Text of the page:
The NFL is one step closer to expanding the league to Las Vegas in time for the 2020 NFL season. A ground breaking ceremony was held on November 13th on the site of the soon to be Las Vegas Raiders’ proposed new stadium. The dome that will house 65,000 people and will cost a whopping $1.9 billion and will be located on the Las Vegas Strip.
Raiders owner Mark Davis received 31 out of 32 approval votes to relocate the the team at the NFL Owners Meetings last spring. The team’s relocation has been a major topic of discussion around the NFL over the past several months. Some people like former Bears defensive lineman Corey Wootton think that the NFL having a team in Sin City could be a good economic decision.
“I think that it’s a great move. Vegas is the mecca of sports gambling and sports betting. I think it’s going to bring a lot of revenue to a city that already makes a lot of revenue just from the strip and gambling. When you add a football team to the mix I think that’s exactly what they’re missing,” said Wootton on a recent appearance on the Unnecessary Roughness Podcast.
The NHL expanded to Las Vegas this season and it’s team the Las Vegas Golden Knights has already cracked the top 10 in ticket sales according to team owner Bill Foley. One major cause for concern with the NFL expanding to Vegas is that players will be in Las Vegas on Saturday nights before games. If you ask New York Giants offensive tackle Bobby Hart the city will only become a distraction if players allow it to.
“There are a lot of pros and cons that comes with having a team in Vegas. As far as the distractions go that’s just personal and it’s up to the player if they let it become a distraction. Obviously if you let the city become a distraction then it will be,” said Hart.
There are others like Wootton who think that although Vegas has the potential to become a distraction for players during the season, it won’t because coaches won’t allow it.
“It depends on the coach. I played under Lovie Smith so he didn’t do bed checks so it was up to us as players to be responsible enough to be prepared to play the next day. There definitely were some players who stayed out past curfew but they showed up and performed on game day so to each his own. Other teams because of the coach definitely have bed checks in place so that guys aren’t going out past curfew the night before a game.”
Wootton also alluded to the way that the NFL schedule is set up as a reason for Vegas night life not being as big a problem for the players as people think it will be.
“The thing about football is that it’s not like basketball where most of the time you have a night game. You might go out and see some of these basketball players in the club because they have a whole day to prepare for the next game. With football most of these games are at one o’clock in the afternoon so I think you’ll see a lot of teams implement the bed check system. If teams win you’ll see some of the players stay an extra night and then go back home after the off day,” said Wootton.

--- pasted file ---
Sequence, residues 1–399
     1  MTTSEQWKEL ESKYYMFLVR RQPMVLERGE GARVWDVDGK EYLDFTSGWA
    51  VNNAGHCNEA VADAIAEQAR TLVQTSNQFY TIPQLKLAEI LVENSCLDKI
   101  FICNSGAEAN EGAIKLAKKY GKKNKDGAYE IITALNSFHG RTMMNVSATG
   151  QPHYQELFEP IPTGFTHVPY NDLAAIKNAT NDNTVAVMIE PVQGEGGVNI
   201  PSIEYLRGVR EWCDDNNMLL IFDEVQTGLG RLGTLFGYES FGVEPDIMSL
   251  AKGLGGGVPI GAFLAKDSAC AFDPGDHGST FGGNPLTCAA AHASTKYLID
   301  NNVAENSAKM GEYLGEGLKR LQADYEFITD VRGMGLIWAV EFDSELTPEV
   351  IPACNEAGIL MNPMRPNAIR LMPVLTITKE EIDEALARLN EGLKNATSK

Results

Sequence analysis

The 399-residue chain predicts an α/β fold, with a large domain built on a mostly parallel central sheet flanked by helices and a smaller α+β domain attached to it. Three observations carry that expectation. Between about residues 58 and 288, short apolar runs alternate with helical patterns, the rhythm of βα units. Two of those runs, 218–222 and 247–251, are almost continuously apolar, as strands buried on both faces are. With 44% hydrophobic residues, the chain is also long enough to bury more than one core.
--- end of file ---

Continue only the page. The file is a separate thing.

The Raiders moving from Oakland to Las Vegas affects more than just the players and organization but it also affects the fans of the team. Heading into the off season last year Raiders’ quarterback Derek Carr told the Mercury News “We’re not going to split up like you’ve seen other cities do. We’re not going to do things like that. For the ones that do, I don’t really believe that they are true Raider fans. I feel their hurt. I’m with you. I hurt too. But at the same, we’re all in this together and we’re just going to do it together.”
When I asked Wootton his reaction to Carr’s comments he agreed with Carr to some degree saying that fans may be upset with the organization right now but ultimately they’ll stick with their team.”
“It’s tough because so many of the fans in the NFL, NBA or whatever pro sport are so invested in the particular team in the particular city that it’s really tough when the team up and moves. I live in St. Louis right now and I talked to a lot of people when the Rams moved from here to Los Angeles. They were so upset when they left because that’s what they look forward to every Sunday,” said Wootoon.
“Oakland is known for being a die hard football city so it’s the same situation. It’s tough because people are truly hurt because it’s like they’ve lost part of their life almost. I think that it will definitely hurt at first but ultimately fans will stick with them because that’s their team despite the fact that they’re leaving the city. It’s not like they’ll go from rooting for Oakland to rooting for San Francisco because as a fan that’s just not something you do”.
Hart however had a different opinion and believes that it’s ultimately up to the fans to make that decision saying “At the end of the day that’s up to the fans to decide and the fans should be allowed to make their own decision on that. The mindset of the fan might be that they don’t want to be fans because they can’t go to the games anymore.”
The Raiders new stadium is expected to be finished in time for them to relocate for the start of the 2020 NFL season. Whether people are for it or against it one thing that everyone can agree on is that the NFL in Vegas will be something interesting to watch unfold.